Ferguson Police Chief Joins Protest March, Which Doesn't Exactly Go Down Well

Proving that the uneasy situation is anything but resolved, protests broke out and arrests were made in Ferguson, Missouri late Thursday, only hours after Police Chief Thomas Jackson issued a public mea culpa. Residents felt the video apology was too little, too late — pretty much as soon as Jackson tried to join the protesters' march, clashes broke out, and arrests were made.

According to the St. Louis Post-Dispatch, the unrest began when Jackson tried to take questions from the growing group of demonstrators and was met with aggression. One man shouted “If you are not resigning tonight, go home,” on a bullhorn. Hundreds of protesters then gathered to stride down the streets holding a "Racism Lives Here!" banner, but when the chief then tried to join in with the march at roughly 11 p.m., he was joined by protective riot police — this incited the crowd, causing several clashes to break out, and arrests to be made.

Said Ald. Antonio French., a St. Louis elected official, to NBC News:

I don’t think he was marching with the protesters more than 30 seconds before the riot cops came out into the crowd and tried to get themselves closer to him and protect him. Just them being out there pushing started stuff — it’s a complete misread of the situation. His very presence agitated the crowd.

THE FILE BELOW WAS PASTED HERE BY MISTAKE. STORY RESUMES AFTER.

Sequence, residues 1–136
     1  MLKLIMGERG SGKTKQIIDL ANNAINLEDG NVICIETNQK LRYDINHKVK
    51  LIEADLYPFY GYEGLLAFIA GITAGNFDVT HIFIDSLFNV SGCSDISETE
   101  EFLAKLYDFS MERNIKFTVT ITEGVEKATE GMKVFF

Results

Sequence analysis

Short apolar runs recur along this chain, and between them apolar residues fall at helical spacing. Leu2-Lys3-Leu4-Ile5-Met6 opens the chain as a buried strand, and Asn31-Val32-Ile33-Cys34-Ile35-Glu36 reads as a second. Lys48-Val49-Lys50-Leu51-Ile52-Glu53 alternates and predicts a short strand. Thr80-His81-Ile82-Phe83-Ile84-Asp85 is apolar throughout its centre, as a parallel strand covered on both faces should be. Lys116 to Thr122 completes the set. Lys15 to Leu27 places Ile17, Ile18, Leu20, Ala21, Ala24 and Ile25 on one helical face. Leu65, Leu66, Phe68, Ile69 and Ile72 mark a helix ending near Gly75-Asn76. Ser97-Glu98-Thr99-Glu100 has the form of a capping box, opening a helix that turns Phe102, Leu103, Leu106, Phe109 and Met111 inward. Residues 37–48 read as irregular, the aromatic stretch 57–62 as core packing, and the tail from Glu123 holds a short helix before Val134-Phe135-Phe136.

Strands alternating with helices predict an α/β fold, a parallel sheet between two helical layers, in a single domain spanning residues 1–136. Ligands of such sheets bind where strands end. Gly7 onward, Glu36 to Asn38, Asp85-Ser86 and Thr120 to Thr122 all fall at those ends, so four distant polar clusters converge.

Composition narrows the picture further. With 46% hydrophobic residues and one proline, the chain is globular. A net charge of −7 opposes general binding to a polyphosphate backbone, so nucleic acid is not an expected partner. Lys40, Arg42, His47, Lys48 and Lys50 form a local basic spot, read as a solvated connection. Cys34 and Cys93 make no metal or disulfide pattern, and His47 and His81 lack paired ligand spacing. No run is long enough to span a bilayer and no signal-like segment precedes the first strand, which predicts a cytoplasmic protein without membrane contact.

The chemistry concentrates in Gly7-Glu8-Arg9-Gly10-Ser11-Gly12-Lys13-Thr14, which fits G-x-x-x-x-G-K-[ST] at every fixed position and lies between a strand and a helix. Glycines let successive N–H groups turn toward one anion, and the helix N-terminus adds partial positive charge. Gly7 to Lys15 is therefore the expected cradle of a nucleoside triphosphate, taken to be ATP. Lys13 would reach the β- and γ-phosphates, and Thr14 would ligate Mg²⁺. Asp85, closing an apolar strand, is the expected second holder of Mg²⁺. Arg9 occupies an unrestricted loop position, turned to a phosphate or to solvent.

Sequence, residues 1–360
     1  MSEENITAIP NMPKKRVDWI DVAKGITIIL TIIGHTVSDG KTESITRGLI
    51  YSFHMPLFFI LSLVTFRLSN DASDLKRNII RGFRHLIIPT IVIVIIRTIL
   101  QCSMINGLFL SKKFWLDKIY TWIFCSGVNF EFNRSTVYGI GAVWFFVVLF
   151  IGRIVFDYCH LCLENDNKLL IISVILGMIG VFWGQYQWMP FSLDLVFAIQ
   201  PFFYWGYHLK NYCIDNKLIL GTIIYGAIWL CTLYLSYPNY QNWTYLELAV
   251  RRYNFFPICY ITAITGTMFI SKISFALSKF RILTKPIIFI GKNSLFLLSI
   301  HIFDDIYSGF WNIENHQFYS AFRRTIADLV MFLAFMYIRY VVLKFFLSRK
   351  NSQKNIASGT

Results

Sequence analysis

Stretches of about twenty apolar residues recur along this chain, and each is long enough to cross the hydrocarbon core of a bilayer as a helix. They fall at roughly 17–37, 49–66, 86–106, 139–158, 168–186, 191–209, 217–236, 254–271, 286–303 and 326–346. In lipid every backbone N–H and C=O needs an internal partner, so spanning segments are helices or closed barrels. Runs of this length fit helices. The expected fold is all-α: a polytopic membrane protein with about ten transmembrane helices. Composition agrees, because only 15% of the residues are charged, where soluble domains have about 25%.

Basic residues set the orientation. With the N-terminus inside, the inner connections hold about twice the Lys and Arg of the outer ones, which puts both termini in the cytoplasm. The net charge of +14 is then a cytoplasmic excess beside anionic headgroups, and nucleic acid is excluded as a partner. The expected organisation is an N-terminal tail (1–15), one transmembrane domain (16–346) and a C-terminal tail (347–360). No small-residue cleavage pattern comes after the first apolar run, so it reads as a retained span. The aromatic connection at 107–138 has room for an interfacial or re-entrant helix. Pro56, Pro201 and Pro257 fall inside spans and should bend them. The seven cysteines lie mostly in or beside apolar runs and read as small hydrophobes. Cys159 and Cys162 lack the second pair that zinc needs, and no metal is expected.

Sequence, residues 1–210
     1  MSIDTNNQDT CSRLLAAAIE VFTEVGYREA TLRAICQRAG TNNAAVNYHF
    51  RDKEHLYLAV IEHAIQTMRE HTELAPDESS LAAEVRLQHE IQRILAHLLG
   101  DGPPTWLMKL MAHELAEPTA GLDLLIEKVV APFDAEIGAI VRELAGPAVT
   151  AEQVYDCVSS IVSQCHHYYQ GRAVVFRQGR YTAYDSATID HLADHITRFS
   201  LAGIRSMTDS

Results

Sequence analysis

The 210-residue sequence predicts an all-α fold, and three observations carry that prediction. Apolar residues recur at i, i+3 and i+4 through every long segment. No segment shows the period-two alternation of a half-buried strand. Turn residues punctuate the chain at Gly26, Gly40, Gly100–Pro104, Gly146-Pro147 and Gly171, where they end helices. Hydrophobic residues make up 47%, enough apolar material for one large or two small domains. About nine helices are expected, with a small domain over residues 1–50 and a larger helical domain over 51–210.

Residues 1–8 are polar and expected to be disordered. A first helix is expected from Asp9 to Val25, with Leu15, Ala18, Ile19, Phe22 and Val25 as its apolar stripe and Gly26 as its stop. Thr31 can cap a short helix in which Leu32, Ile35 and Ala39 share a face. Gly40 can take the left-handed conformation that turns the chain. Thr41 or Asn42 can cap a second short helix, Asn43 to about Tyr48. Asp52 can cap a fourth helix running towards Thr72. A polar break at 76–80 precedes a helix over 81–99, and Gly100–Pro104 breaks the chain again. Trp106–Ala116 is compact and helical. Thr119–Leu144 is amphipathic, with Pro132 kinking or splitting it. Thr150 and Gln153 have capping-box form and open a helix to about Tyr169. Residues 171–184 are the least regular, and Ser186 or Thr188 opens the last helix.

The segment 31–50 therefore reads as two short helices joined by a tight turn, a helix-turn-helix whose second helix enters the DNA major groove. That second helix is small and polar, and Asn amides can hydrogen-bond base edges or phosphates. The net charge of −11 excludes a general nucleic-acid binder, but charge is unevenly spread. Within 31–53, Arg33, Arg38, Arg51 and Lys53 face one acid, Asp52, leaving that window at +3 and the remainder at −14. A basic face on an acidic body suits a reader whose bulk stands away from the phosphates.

Though it was quickly deemed an "unlawful assembly," the protest went on until the wee hours of the Friday morning, filling the small town with now all-too familiar scenes of police officers forming barricades and hundreds of protesters chanting for their rights. "No justice! No sleep!" the group reportedly shouted. One video of the night shows a cyclist being bashed and knocked down by a police officer's shield.

The irony of the police response to the demonstrations is too strong to miss. Only hours before, Jackson had publicly apologized to Ferguson residents, telling them that he hadn't done enough to “protect their constitutional right to protest” and that they would work together from now on. "All those things that are causing mistrust are being evaluated and we are going to be making changes," he told them, adding:

It’s an honor to serve the city of Ferguson and the people who live there. I look forward to working with you in the future to solve our problems.
Scott Olson/Getty Images News/Getty Images

Obviously, that work hasn't quite kicked off yet.